Torbay Hospital has been awarded a major grant which will help reduce death and disability from traumatic injury in one of the world’s poorest countries.
The grant of £210,000 was awarded by the Tropical Health and Education Trust, funded by the Department for International Development. It will be used to improve care in the Laikipia District in Kenya through the link Torbay has formed with Nanyuki Hospital.
Around 100 million injuries are sustained worldwide annually; 5.8 million of them resulting in death and many more in permanent disability, deformity and pain. A shocking 90% of these events occur in poorer countries. In Kenya there is no pre-hospital care, traditional emergency departments do not exist and operating facilities are very limited. Even simple fractures may never receive attention due to lack of funds, supplies or knowledge.
Orthopaedic surgical missions to developing countries are rare due to their high cost and difficulties in transporting equipment. The relationship between Torbay and Nanyuki started in 2008 when Dr Lucy Obolensky, who has undertaken charitable work in Kenya for 15 years and is currently a GP Trainee at Torbay Hospital, was asked by Nanyuki’s only surgeon at the time, Dr Ndanya, if she could coordinate an orthopaedic project to Nanyuki.
Since then Dr Obolensky has organised four projects in Nanyuki taking teams of NHS staff, mostly from Torbay but also Derriford and other hospitals in the South West. The teams include surgeons, anaesthetists, radiographers, Operating Department Practitioners and scrub nurses, who provide a trauma and orthopaedic service. The last project also included Emergency Department doctors and nurses and delivery of educational courses, designed by team members, to improve the care of patients before and after surgery.
An excellent relationship has developed between the two hospitals and the Torbay-Nanyuki THET partnership was formalised in November 2011 with both Chief Executives endorsing a Memorandum of Understanding.
To date, the projects have been made possible by the fundraising efforts of individual team members and the charities Exploring Global Health Opportunities and Medical & Educational Aid to Kenya. This grant will enable the Torbay team to expand considerably on the existing projects by helping Nanyuki Hospital to establish an ambulance service and emergency department, as well as developing the existing operating theatre, ward and rehabilitation arrangements. There are further plans to set up education in the community to raise awareness of the causes of injury, how to prevent it, and basic first aid skills when transferring people to hospital.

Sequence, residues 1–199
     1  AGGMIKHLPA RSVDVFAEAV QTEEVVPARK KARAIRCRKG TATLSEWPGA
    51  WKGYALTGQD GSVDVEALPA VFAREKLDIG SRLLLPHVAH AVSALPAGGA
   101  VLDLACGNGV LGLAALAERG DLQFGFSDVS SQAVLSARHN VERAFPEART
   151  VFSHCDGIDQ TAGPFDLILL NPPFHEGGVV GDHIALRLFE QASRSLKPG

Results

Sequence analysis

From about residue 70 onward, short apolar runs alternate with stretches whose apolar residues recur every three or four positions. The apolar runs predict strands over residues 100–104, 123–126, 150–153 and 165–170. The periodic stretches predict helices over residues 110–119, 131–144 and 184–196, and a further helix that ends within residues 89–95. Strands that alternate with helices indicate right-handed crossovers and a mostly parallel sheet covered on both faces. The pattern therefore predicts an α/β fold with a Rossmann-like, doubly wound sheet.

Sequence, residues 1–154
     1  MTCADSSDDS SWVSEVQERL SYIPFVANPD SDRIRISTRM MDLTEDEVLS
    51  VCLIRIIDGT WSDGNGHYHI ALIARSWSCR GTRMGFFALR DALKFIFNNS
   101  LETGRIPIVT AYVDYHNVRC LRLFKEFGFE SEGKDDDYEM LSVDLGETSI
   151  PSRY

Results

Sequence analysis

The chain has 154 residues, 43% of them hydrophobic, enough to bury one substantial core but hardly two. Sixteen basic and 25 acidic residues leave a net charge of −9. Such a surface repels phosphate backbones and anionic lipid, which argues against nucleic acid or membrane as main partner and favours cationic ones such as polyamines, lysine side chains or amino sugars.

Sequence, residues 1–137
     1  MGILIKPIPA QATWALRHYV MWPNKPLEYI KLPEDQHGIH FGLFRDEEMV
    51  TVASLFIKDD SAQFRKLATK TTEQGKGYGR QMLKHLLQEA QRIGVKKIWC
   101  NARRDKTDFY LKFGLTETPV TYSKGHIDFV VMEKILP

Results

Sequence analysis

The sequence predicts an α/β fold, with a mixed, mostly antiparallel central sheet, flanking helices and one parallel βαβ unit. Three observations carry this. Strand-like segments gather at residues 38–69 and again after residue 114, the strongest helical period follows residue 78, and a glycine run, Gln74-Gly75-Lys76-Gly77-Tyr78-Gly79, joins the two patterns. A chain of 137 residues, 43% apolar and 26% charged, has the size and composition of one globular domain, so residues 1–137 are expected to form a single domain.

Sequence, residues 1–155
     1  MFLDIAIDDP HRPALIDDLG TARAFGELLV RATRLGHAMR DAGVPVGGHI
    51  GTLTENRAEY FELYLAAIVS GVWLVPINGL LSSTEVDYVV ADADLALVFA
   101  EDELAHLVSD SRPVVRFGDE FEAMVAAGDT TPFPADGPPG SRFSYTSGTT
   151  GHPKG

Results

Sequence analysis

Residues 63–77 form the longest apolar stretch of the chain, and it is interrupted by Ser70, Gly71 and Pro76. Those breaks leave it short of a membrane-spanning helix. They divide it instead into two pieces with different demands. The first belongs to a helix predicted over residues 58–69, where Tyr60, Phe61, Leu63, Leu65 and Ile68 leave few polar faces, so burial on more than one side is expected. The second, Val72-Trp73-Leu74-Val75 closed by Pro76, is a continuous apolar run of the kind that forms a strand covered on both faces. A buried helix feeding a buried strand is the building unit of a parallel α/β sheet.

Dr Kerri Jones, Consultant Anaesthetist & Associate Medical Director for Torbay Hospital, and one of the project leads, said: “We are absolutely delighted that we have been awarded this grant. The difference in healthcare provision between our two communities is tragic. Nanyuki staff have a great desire to improve what they can offer their community and we want to help them. It is also fantastic to offer our staff the opportunity to work in Kenya as we too learn a great deal and bring back amazing experiences which enhance our lives and work here.”
Commenting on the Health Partnerships Scheme, the International Development Minister, Lynne Featherstone said: "We are delighted to support the Health Partnership Scheme. Through the scheme, British medical expertise is used to help give developing countries the vital skills needed to improve the health of some of the world's poorest people. British nurses, midwives and medical teams are amongst the best in the world and they will help make a real difference in some of the poorest parts of the world.”
Fundraising by team members for existing projects continues in earnest, the latest event being a ‘Concert for Kenya’ on Saturday 20th October when local choirs and drama groups will entertain the public at St Matthias Church Torquay. Compere for the night will be Palm FM’s Kevin Oates. Tickets are just £5 and can be obtained by phoning 01803 655622.